BAMAKO (Reuters) - Islamist fighters in the northern Malian city of Timbuktu executed a man on Tuesday for murdering his neighbor in an application of sharia, Islamic law, the Islamist group and witnesses said.
Armed Islamist groups, some with links to al Qaeda, have controlled the northern two-thirds of Mali since April, when they hijacked a rebellion launched by ethnic Tuareg separatists.
They have since imposed sharia in many of the areas under their control.
A spokesman for Ansar Dine, which controls Timbuktu, said the executed man was a member of the group.
"He turned himself in...He was judged, condemned to death and executed this evening. He was shot in the same way he shot his victim. This is what sharia says," Sanda Ould Boumana told Reuters.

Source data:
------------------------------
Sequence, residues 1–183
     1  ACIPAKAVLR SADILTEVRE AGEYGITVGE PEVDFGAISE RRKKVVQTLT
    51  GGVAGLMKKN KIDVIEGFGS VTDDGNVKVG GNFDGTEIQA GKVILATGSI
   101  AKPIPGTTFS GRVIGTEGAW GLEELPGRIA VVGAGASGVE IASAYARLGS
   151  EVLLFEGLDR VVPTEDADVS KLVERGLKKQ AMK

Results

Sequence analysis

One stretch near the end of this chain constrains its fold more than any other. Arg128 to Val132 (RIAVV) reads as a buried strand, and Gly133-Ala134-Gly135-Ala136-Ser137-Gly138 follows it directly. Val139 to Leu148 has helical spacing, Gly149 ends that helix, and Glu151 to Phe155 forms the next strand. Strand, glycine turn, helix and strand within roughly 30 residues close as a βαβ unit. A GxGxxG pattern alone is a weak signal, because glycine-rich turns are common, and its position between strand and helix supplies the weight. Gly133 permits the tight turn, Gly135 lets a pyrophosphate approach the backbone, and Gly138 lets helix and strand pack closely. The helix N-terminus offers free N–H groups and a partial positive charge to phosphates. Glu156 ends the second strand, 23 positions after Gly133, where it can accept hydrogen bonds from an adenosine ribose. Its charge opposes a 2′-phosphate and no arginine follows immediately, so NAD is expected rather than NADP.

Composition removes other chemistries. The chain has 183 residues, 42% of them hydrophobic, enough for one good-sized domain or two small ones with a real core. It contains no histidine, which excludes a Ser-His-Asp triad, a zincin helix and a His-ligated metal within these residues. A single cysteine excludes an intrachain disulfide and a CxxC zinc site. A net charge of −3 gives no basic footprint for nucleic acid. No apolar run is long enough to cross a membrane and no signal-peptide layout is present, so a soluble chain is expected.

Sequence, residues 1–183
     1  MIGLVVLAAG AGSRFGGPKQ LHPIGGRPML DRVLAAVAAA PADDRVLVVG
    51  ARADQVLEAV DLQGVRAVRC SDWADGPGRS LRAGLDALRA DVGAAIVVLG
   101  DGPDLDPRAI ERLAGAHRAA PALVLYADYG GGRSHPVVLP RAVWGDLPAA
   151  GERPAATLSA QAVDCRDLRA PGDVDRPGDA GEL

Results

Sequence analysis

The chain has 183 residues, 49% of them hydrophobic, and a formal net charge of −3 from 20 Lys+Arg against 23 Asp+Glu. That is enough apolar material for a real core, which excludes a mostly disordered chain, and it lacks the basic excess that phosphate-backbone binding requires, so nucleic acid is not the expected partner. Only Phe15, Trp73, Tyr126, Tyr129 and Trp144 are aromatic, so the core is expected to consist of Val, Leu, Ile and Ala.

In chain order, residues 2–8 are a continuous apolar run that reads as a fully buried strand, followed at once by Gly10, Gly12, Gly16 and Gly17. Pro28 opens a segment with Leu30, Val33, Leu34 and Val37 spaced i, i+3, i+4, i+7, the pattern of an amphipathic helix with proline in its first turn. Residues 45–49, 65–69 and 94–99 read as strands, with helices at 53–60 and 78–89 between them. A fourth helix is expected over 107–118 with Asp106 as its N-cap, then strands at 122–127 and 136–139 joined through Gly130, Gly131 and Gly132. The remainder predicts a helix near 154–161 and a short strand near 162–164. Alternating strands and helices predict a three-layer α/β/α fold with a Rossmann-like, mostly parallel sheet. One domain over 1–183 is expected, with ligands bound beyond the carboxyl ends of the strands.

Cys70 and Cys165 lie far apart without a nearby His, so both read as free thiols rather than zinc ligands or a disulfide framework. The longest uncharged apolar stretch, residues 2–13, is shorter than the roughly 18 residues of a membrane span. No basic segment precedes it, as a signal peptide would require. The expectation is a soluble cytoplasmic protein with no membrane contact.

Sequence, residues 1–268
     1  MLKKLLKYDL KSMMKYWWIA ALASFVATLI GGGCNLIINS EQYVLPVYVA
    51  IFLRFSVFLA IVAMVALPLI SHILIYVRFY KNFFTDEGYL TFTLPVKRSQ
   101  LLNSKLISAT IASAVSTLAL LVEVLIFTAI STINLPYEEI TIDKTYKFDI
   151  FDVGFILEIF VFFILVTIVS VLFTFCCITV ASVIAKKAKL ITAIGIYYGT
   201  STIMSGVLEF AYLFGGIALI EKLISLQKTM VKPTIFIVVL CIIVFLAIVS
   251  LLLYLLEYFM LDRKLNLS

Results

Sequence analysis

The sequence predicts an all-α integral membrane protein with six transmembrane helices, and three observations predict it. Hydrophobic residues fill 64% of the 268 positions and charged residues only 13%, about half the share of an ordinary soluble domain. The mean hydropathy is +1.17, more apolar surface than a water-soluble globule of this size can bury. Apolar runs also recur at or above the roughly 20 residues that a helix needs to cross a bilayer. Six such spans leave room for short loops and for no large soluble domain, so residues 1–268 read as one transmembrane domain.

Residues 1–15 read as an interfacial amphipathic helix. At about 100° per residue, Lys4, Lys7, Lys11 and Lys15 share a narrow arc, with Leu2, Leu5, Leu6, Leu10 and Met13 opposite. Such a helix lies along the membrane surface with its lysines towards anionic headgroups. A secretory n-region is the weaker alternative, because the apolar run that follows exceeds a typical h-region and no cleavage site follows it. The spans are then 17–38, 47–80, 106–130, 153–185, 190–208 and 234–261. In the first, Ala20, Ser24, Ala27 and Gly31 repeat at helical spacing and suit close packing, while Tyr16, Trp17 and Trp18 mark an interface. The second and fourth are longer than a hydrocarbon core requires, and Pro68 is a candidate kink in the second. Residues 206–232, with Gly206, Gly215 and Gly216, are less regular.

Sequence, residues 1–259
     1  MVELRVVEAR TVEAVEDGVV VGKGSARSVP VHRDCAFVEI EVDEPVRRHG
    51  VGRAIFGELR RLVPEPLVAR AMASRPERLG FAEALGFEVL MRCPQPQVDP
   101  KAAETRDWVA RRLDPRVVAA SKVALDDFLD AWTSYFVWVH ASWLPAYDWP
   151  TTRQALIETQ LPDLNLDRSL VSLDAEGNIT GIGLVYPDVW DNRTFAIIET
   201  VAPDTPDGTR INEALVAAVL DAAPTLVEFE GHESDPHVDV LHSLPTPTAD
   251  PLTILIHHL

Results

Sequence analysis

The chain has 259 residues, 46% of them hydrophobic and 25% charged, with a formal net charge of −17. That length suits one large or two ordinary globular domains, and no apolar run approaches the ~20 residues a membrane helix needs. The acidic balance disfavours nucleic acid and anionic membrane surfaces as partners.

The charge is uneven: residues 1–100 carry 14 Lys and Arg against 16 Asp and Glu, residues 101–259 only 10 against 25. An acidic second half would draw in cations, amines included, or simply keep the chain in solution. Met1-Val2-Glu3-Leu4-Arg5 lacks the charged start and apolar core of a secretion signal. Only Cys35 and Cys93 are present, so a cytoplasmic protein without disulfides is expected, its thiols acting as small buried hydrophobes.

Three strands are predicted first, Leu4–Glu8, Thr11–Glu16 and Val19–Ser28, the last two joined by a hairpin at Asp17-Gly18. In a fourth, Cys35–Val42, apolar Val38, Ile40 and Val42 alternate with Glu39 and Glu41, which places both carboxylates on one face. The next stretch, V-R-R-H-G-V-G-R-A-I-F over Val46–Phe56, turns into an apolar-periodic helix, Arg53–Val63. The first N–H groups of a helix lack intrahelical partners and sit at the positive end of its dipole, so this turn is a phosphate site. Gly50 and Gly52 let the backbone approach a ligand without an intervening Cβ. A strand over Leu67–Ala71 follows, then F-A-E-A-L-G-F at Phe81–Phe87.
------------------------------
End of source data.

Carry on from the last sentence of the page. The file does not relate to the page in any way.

The United Nations Security Council last week voiced concern about human rights violations by rebel and militant groups in northern Mali.
West African countries from regional bloc ECOWAS have requested a U.N. mandate for a possible military intervention in the vast, arid country.
Progress has been hampered by infighting among politicians and military officials in the government-held south and disagreements among international partners.
(Reporting Adama Diarra and Tiemoko Diallo; Writing by Joe Bavier; Editing by Michael Roddy)